There is a sh#t load more people straining the old system, now folks need to work together, but for some reason there is this every man for himself mentality.

I find it so freaking weird that religious people, supoosedly the best folks on earth, have no problems saying...if he doesnt work he can dye a slow painful death because I refuse to support whatever social progams because its communist or whatever....

Well guess what, the folks who have nothing left to live for or cant get help go bat sh#t crazy and do weird sh#t. Then you end up paying for it in the end anyways, and a lot more.

Here is a news flash for you, sh#t has changed, and its never going back to the way it you can either change, or you can die off and the young folks will change it for you.

Its not the video games, its the absentee parents working 7 days a week to afford sh#t that was, when you were growing up, basic, like a ride to work or a parent free to hunt after school...there are too many folks like you who think hey man I walked up hill both ways and so should you.

Bullet prrof chalk boards...thats the solution? It certainly is the cheapest, but hell one of your other nut bar friends will make chalk board bullets cause thats their right

Ice climber
Brujo de La Playa
Oct 22, 2013 - 04:22pm PT
The gun manufacturers also make the shields. It's a perfectly integrated and controlled vertical market as far as it goes.

The next step will be to buy up big pharma so that they control the means of controlling those who flunk the background checks.

Do they control the background check process yet?

At some point will the gun-runners control every aspect of life in the United States?

And what about planned obsolescence?


Gold Canyon, AZ
Oct 22, 2013 - 04:35pm PT
As these school shootings become more frequent (and they are) the argument that we need more people with more guns to prevent the shootings somehow seems absurd. The only thing we can know with certainty is that there would be no school shootings if there were no guns. Everything else is merely speculation and conjecture.


Oct 22, 2013 - 05:05pm PT
What has changed, indeed.

I grew up in southern West Virginia in the 1960's and 70's which was probably a "poster child" for a pervasive gun culture. Like Ron, many trucks in the high school parking lot had rifles and shotguns in them. Kids went hunting with other kids and even teachers after school.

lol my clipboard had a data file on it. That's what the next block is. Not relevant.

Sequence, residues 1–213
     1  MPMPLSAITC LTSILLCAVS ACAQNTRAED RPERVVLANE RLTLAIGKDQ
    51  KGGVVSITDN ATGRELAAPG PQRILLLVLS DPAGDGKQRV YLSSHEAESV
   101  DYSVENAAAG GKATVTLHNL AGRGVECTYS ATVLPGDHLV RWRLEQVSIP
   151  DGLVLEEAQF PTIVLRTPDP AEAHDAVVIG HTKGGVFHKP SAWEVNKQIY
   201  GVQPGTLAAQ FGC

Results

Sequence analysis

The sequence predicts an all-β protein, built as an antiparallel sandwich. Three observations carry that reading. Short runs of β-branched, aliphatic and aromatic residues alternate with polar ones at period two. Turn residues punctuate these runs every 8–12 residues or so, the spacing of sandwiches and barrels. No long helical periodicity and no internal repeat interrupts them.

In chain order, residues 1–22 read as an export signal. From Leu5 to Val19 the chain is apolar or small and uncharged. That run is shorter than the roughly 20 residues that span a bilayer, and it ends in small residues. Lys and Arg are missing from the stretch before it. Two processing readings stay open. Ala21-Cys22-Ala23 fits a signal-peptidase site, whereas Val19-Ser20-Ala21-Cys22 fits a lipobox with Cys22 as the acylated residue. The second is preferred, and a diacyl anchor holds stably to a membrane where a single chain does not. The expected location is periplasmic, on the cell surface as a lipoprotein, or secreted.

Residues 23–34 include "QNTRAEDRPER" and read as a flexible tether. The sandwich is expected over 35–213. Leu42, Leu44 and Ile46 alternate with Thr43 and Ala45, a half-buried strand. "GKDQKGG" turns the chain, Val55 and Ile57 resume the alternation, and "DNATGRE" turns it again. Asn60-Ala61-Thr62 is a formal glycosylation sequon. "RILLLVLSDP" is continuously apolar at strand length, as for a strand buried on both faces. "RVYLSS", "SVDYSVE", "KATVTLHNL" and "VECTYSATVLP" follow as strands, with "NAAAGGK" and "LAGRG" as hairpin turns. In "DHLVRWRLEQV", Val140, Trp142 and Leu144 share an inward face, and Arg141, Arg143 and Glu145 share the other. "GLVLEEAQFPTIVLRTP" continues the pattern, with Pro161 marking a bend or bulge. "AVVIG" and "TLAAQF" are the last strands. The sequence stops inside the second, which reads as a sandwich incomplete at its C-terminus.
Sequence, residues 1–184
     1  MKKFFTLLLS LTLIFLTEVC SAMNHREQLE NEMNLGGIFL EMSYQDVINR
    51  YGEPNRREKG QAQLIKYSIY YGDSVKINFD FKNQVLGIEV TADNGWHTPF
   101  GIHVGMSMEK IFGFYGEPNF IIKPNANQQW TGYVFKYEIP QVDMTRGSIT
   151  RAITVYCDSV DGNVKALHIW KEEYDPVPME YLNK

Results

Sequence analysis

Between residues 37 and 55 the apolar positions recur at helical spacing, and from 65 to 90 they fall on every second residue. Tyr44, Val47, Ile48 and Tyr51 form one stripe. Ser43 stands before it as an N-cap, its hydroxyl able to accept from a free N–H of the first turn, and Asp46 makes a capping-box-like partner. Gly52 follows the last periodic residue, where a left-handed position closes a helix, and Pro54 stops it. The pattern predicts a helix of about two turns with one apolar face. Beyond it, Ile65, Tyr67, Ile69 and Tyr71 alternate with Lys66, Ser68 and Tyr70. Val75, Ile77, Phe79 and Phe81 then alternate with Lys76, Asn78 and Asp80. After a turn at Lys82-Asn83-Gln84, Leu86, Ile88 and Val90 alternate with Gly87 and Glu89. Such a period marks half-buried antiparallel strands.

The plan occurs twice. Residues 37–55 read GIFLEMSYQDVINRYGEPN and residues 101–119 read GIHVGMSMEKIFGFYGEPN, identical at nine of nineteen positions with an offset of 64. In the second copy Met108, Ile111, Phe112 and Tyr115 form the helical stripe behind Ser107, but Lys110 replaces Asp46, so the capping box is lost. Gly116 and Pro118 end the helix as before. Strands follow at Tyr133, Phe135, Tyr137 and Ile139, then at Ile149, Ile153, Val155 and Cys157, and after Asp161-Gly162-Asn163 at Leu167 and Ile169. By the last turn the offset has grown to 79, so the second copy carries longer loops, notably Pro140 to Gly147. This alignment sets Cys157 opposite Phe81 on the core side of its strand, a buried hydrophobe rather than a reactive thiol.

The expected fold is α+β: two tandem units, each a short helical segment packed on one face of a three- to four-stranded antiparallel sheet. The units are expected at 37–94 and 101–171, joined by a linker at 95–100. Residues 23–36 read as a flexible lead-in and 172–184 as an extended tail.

Gun availibility of all types has decreased markedly in the USA through time. In addition the prices, in "level" dollars for guns and ammo has increased. Up until the late 1960's guns, up to and including fully automatic weapons and the "assault weapons" of the day - M1A's, M1 Carbies, and Garands were readily available from any hardware store in town and via mail order for very inexpensive prices.

During this time period, the two high schools in town (white and black) were forcibly integrated. There were fist fights, riots and horribly one-sided beat-downs (on both sides of the racial divide) almost daily in the school. No combatants EVER went to get a readily accessible gun from their vehicle.

What has changed? Boys now commit and watch pervasive, gratutitous violence daily on their computers. They literally kill people by the thousand evey week. In contrast to hunting, there is no real appreciation of what causing the death of fellow animal is really like. They have habitauted themselves to have absolutely no emotional or physical investment nor ownership of an ultimate act.

Combine that with the fact that have essentially zero parent involvement in their lives. They are being raised by the internet, TV, and social media.

I woulds suggest that we are currently raing a generation of souless quasi-serial killers.